Forgotten Africa : An Introduction to its Archaeology book cover
1st Edition

Forgotten Africa
An Introduction to its Archaeology

ISBN 9780415305914
Published October 11, 2004 by Routledge
208 Pages 28 B/W Illustrations

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Book Description

Forgotten Africa introduces the general reader and beginning student to Africa's past, emphasizing those aspects only known or best known from archaeological and related evidence. It covers four million years of history across the continent, examining important aspects of Africa's momentous human story. Graham Connah is concerned to raise public awareness, both inside and outside Africa, to this frequently overlooked and often forgotten subject.

Forgotten Africa examines: 

* human origins,
* the material culture of hunter gatherers
* the beginnings of African farming, the development of metallurgy
* the emergence of distinctive artistic traditions
* the growth of cities and states
* the expansion of trading networks
* the impact of European and other external contacts.

The result is a fascinating and important story told in a straightforward and readable manner.

Table of Contents

1. Africa: The Birthplace of Humanity  2. Stone Tools and Adaptation: The Origins of the Genus Homo  3. Africa's Gift to the World: The Earliest Homo Sapiens  4. Living off The Land: Later Hunter Gatherers in Africa  5. Putting Ideas on Stone: The Rock Art of Southern Africa  6. Pictures from a Lost World: The Rock Art of the Sahara  7. Producing Food: Early Developments in North and West Africa  8. Producing Food: Adaptation in North East and East Africa  9. The Power of Metal: The Origins of African Iron-Working  10. Ancient Egypt: 3000 Years of Achievement  11. Nubia: A Meeting Place of Different People  12. Aksum: A Trading Metropolis on the Ethiopian Plateau  13. Church and State: Survival in Ethiopia  14. Opportunity and Constraint: The Lake Chad Story  15. Facing the Mediterranean: Carthaginian, Greek and Roman North Africa  16. Qsar es-Seghir: Front Door to Europe, Front Door to Africa  17. Jenné-Jeno: An Early City on the Middle Niger  18. Voyages in the Sahara: The Desert Trade with West Africa  19. Igbo-Ukwu: A Challenge from the Past  20. Ancestral Faces: Ancient Sculpture in Nigeria  21. Benin City: From Forest Power to World Fame  22. Pots and People: Early Farmers South of the Equator  23. The Testimony of the Dead: Life in the Upemba Depression  24. 'One Beautiful Garden': Production and Power amongst the Great Lakes  25. Facing Two Worlds: The Trading Settlements of the East African Coast  26. Projecting Power: Great Zimbabwe and Related Sites  27. Deserted Settlements with a Story: Later Farmers in Southern Africa  28. Outsiders on the Inside: The Impact of European Expansion  29. Remembering Africa's Past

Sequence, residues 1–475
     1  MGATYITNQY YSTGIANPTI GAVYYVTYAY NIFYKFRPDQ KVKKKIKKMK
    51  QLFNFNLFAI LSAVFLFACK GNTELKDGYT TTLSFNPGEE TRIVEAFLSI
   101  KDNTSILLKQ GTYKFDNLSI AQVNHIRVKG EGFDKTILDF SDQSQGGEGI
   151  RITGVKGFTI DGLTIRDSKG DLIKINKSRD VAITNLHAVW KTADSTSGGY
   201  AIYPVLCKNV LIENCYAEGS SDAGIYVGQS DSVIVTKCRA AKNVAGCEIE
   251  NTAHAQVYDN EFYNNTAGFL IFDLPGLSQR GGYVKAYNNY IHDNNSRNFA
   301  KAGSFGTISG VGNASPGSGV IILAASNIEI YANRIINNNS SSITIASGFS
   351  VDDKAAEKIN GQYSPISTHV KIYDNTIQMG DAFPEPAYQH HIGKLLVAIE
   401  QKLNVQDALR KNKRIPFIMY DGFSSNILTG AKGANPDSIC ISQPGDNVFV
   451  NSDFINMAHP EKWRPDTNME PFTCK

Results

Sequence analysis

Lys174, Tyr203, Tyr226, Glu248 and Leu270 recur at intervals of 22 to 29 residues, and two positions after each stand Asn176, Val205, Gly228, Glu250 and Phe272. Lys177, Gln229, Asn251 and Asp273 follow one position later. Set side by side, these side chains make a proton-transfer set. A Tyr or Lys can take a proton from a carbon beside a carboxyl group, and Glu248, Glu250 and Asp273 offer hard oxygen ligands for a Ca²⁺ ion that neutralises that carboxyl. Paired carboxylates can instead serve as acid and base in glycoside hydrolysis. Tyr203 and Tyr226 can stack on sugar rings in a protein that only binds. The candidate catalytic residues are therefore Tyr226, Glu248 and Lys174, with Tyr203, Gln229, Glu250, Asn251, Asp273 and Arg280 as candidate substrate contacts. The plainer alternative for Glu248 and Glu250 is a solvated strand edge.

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Graham Connah's books include The Archaeology of Benin, Three Thousand Years in Africa, African Civilizations, Kibiro and Transformations in Africa. Currently a visiting Fellow at the Australian National University, Canberra, he was awarded the Order of Australia in 2000.


'The book will, indeed, provide a valuable and up-to-date guide ... Graham Connah's book is a worthy and useful contribution.' – Journal of African Archaeology

'Connah is explicit in his aim of introducing the general readerand beginning student to Africa's past, and this he does in a straightforward, enjoyable and readable manner.' – South African Archaeological Bulletin

'This is a book that does exactly what it sets out to do and does it with the benefit of a flawless presentation and numerous, crystal clear photographs, drawings and maps ... [Connah] is to be congratulated on producing an excellent synthesis that convincingly argues for the unity of the African past ... and its relevance to the present of us all.' – The Australasian Review of African Studies

'Forgotten Africa is rooted in impressive scholarship, demonstrating the author's familiarity with a wide range of archaeological data from accross a huge region. The author avoids the temptation to generalise, wisely opting to present the archaeology of the continent in all its diversity. The presentation is excellent, with many good-quality illustrations and maps. - Stephanie Wynne-Jones, Antiquity